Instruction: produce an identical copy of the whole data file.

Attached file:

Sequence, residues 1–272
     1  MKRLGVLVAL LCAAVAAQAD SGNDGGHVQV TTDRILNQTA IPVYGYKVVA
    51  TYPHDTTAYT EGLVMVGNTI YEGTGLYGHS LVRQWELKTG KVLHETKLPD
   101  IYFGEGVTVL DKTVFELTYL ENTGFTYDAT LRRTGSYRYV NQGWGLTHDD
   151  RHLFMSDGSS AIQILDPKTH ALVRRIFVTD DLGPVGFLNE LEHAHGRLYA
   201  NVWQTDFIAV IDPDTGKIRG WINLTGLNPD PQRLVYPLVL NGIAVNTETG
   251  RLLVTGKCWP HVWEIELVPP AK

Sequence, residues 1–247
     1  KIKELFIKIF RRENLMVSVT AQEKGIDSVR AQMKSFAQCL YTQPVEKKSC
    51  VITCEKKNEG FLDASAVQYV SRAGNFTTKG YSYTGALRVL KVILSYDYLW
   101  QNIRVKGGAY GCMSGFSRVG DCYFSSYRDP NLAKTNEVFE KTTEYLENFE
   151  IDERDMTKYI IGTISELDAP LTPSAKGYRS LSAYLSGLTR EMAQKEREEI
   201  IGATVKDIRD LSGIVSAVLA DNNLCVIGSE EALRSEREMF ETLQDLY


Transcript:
Sequence, residues 1–272
     1  MKRLGVLVAL LCAAVAAQAD SGNDGGHVQV TTDRILNQTA IPVYGYKVVA
    51  TYPHDTTAYT EGLVMVGNTI YEGTGLYGHS LVRQWELKTG KVLHETKLPD
   101  IYFGEGVTVL DKTVFELTYL ENTGFTYDAT LRRTGSYRYV NQGWGLTHDD
   151  RHLFMSDGSS AIQILDPKTH ALVRRIFVTD DLGPVGFLNE LEHAHGRLYA
   201  NVWQTDFIAV IDPDTGKIRG WINLTGLNPD PQRLVYPLVL NGIAVNTETG
   251  RLLVTGKCWP HVWEIELVPP AK

Sequence, residues 1–247
     1  KIKELFIKIF RRENLMVSVT AQEKGIDSVR AQMKSFAQCL YTQPVEKKSC
    51  VITCEKKNEG FLDASAVQYV SRAGNFTTKG YSYTGALRVL KVILSYDYLW
   101  QNIRVKGGAY GCMSGFSRVG DCYFSSYRDP NLAKTNEVFE KTTEYLENFE
   151  IDERDMTKYI IGTISELDAP LTPSAKGYRS LSAYLSGLTR EMAQKEREEI
   201  IGATVKDIRD LSGIVSAVLA DNNLCVIGSE EALRSEREMF ETLQDLY